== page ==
As for the consumer mobile AR apps and experiences that could start to reach killer app status, Chennevasin, like us, sees lots of potential in utilities. Extending from the fun and games that have captured the most interest, high-frequency utilities like navigation could start to gain share.
“The biggest use cases of AR to date have been trying on makeup, making silly faces to send to your friends and capturing Pokemon… But I think there are some of these other applications that are out there.. when people think of the fundamental use cases of AR, the biggest category is navigation… And understanding what we want from AR that people can use every day… applications that millions or billions of people would immediately find valuable.”
For all of the above, it’s all about timing. This reminds us of Bill Gross’ rules of success which rely on things like team and tech. But timing is the biggest of them all. Though not an asolute rule, this can be seen in high-flying AR prospects that peaked early, including Meta and ODG.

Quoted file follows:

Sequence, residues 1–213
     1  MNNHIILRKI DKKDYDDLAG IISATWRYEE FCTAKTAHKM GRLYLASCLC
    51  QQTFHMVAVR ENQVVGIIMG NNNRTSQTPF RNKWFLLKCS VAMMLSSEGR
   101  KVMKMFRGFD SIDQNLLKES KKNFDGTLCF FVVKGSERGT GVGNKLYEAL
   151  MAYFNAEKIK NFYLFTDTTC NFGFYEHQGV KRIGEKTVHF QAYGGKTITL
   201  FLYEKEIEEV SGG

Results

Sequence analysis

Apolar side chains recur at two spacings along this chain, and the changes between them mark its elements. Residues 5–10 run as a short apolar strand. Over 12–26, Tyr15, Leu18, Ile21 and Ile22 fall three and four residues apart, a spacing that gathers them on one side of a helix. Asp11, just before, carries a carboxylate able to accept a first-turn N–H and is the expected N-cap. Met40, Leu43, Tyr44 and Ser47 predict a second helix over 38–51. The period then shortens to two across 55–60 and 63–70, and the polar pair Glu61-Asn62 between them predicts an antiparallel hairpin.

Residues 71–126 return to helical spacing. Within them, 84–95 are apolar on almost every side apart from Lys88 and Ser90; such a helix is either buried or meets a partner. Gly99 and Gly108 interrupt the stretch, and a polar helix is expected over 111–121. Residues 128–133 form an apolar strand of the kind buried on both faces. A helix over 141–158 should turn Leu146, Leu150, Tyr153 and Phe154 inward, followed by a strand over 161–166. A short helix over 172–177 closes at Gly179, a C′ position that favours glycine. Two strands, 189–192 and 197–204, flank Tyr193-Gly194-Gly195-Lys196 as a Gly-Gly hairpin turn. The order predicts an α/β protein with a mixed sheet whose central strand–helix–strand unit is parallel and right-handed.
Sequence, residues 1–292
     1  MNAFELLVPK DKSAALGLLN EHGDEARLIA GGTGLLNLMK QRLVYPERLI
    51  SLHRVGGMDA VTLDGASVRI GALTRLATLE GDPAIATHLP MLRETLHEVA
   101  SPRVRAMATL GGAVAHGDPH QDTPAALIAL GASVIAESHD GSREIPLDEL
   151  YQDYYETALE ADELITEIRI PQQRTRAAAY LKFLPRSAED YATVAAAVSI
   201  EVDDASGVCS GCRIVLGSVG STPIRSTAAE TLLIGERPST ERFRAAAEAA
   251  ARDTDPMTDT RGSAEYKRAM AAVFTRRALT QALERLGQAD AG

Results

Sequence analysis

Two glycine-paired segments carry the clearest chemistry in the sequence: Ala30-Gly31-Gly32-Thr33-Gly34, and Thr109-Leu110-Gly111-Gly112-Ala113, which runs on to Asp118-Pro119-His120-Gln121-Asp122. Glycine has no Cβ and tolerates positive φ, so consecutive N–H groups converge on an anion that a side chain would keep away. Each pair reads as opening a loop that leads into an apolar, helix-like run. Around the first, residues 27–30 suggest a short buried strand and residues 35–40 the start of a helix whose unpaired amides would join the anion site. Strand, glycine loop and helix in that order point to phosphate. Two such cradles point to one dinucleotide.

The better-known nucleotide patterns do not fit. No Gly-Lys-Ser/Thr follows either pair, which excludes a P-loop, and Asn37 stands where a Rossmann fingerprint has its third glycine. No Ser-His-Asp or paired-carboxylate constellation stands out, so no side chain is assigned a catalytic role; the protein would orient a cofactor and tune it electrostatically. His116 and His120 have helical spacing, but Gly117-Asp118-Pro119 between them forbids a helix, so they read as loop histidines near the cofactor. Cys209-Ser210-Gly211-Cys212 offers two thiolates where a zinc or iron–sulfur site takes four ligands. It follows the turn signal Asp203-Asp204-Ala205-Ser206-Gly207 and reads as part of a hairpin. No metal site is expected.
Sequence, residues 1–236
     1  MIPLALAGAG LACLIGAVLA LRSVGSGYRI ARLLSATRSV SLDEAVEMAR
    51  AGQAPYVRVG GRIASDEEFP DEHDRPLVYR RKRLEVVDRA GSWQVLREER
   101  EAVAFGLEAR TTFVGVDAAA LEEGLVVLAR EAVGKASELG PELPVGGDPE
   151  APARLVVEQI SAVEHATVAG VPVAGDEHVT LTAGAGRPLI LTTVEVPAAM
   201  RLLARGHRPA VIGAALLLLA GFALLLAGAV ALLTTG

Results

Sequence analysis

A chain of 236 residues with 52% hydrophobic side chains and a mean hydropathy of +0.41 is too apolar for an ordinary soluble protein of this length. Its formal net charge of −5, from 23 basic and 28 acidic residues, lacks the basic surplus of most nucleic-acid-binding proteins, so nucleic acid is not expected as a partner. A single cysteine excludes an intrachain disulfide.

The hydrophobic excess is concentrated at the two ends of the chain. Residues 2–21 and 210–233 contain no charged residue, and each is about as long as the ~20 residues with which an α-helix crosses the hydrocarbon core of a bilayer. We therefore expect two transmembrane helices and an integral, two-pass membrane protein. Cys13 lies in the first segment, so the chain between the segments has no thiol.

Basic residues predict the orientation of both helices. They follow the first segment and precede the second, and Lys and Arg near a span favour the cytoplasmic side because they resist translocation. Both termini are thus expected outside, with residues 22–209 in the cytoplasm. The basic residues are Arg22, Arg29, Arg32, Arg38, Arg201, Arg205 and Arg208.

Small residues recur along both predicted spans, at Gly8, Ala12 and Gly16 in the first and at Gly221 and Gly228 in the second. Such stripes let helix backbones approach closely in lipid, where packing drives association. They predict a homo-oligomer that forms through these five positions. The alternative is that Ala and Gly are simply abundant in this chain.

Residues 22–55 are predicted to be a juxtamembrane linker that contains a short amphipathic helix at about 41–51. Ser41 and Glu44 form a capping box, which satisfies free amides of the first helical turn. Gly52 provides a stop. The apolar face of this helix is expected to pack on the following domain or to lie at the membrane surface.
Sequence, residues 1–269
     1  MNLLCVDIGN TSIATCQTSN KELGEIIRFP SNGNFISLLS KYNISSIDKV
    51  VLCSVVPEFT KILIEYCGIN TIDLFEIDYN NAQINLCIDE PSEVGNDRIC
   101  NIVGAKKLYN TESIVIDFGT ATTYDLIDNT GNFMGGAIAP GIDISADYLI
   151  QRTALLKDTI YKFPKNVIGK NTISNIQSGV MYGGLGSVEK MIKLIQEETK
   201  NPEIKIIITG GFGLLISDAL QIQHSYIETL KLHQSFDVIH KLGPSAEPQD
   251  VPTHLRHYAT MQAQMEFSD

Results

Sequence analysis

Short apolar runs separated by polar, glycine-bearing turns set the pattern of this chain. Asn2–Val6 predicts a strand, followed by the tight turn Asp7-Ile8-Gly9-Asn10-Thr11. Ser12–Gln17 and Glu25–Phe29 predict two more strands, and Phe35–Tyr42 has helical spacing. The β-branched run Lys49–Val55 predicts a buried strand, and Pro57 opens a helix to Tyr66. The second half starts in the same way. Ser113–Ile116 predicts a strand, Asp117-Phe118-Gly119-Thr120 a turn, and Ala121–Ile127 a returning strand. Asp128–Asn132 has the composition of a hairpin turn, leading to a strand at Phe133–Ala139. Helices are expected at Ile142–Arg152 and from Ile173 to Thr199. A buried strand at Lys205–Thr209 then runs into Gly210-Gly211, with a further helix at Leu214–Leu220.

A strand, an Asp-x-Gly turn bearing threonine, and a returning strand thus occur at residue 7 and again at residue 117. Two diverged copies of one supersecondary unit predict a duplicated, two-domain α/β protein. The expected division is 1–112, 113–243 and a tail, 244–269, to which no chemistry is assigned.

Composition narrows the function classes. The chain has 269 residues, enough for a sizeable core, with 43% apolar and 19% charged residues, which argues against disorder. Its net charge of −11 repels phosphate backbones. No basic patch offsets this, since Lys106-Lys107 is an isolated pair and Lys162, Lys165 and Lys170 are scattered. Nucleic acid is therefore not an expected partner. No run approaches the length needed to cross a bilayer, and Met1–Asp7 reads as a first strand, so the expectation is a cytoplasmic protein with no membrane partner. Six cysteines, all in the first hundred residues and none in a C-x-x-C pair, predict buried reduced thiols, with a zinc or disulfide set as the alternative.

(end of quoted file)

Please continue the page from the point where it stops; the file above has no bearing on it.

“I think the simple answer is, timing is everything…This is just the natural way things go in hardware cycles… When you’re early, it’s really hard. It’s really expensive. You put out a lot of stuff, you learn a lot of stuff, but then everyone’s learning from your mistakes… You can also look at this as the way portable or pocket computing went where the Newton completely failed, but Palm and Handspring were able to succeed… But of course, they got killed when the ultimate devices — iPhones and Android phones — came out and replaced them. I think we’re going to see that kind of same process through the evolution of this technology platform.”